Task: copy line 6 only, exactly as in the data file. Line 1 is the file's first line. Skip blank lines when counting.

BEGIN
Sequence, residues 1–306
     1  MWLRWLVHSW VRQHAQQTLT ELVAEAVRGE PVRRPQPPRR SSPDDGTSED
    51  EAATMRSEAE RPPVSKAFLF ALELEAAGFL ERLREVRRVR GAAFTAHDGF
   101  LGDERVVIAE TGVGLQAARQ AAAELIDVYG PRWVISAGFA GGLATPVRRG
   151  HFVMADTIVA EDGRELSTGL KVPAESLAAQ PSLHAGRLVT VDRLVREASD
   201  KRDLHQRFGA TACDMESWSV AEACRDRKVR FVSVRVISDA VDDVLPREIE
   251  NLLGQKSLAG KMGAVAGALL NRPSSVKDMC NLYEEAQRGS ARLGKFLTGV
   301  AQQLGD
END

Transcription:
   201  KRDLHQRFGA TACDMESWSV AEACRDRKVR FVSVRVISDA VDDVLPREIE